“Get the fuck out of here or I’m calling the cops!” Krishna screamed. Blaise lifted his palms, still – infuriatingly – smirking.
“Hey, I just wanted to have a conversation,” he said. Aciano picked up his transmitter, fitted it back behind his ear. Blaise pointed at him. “Another time, dajanjo. We have some catching up to do.”
He gave a wave and a stupid, sheepish shrug to their audience on the patio, then put on his sunglasses, slipped his hands oh-so-casually into his pockets, and walked back to his car. The restaurant erupted in chatter; Krishna returned her knife to the table and came to Aciano’s side.
“Jesus, your face – are you okay?” she said, and Aciano caught his reflection in her glasses – red cheek, bloody nose and mouth. Probable shiner. He turned away, pawing at the blood, just in time to be accosted by the manager.
“I’m very sorry, Mister Mercier, but I’m afraid I must ask you to leave.”
“Are you kidding me?!” Krishna shouted. “Did you even watch that or are you–?”
Aciano held up a hand.
“Let’s just go.”
“I can’t eat now anyway,” he said, and although Krishna looked about ready to murder someone, she didn’t argue. Blaise’s car roared away along the street behind them, needlessly loud, and Aciano tossed some cash on the table. They left without another word, and they were a block away before either of them spoke. “Sorry.”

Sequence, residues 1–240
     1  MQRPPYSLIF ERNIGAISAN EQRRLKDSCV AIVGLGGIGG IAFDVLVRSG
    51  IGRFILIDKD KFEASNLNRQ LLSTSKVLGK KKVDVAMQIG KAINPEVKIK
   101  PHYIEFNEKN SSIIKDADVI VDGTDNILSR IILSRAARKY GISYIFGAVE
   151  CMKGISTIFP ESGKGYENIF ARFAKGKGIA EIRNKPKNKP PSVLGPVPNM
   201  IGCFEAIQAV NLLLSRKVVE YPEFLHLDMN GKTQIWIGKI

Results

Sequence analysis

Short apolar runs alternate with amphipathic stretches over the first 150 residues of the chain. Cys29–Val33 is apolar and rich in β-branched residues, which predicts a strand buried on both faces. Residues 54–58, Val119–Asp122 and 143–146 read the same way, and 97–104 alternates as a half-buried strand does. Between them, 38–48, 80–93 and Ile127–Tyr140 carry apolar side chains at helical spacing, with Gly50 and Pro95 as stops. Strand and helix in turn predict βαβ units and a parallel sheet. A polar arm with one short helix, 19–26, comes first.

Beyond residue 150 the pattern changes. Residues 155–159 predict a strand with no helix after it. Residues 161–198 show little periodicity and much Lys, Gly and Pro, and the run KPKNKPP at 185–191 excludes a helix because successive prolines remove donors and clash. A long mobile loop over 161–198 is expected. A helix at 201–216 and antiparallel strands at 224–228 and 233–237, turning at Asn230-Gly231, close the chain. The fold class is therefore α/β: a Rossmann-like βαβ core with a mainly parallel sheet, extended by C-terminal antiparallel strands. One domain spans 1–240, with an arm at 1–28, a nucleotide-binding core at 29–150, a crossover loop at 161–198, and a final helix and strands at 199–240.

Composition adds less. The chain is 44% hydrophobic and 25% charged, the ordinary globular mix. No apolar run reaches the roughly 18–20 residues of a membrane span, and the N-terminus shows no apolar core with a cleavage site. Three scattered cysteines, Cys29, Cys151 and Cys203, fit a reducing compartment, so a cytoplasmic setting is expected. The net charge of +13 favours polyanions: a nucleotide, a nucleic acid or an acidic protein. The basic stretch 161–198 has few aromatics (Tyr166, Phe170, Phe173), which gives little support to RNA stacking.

“Why the hell are you sorry?” Krishna ranted, balling her fists like a comic book villain. “Uuggghhh Aciano! This is not your fault! Blaise is a fuckface with a–!”
“He is a fuckface, but he’s after me – not you – and I don’t want you to get dragged into this again,” Aciano said. “All he wants is for me to release that Second Sequence patent. I’ll call Eric later; he can handle Blaise.”
“Fucking with my boss and my best friend has everything to do with me,” Krishna said as they walked. “Augh!! What the hell is he doing here anyway? Doesn’t he have a job?”
“The Argonauts are out for the season, actually.”
“How do you know that?”
“Dad,” Aciano said, and when Krishna suddenly halted, he stopped too. She pulled off her glasses, looking fretful. “What’s wrong?”
“You. You look like shit,” she said, as gently as possible.
“…considering last time he broke my jaw, I feel like I got off relatively easy,” Aciano said. Krishna grabbed his arm.
“Come upstairs? I can make brunch, and I have frozen peas for your face,” she said, and it was only then that Aciano realised they’d arrived at her building.
“…I’m afraid to ask what kind of stale cereal you’re going to feed me…”
“I have weed and ice cream?” Krishna offered instead, and Aciano nodded. They turned into her building, Aciano dragging his feet and Krishna tapping away at her phone.
“No, I’m obliterating Just Desserts. You’re already a hashtag. Not a clever one. It’ll die quick,” Krishna said. Once she’d finished leaving whatever scathing messages would incite the rage of her followers, she stowed her phone and summoned the elevator. “You’re still bleeding, by the way.”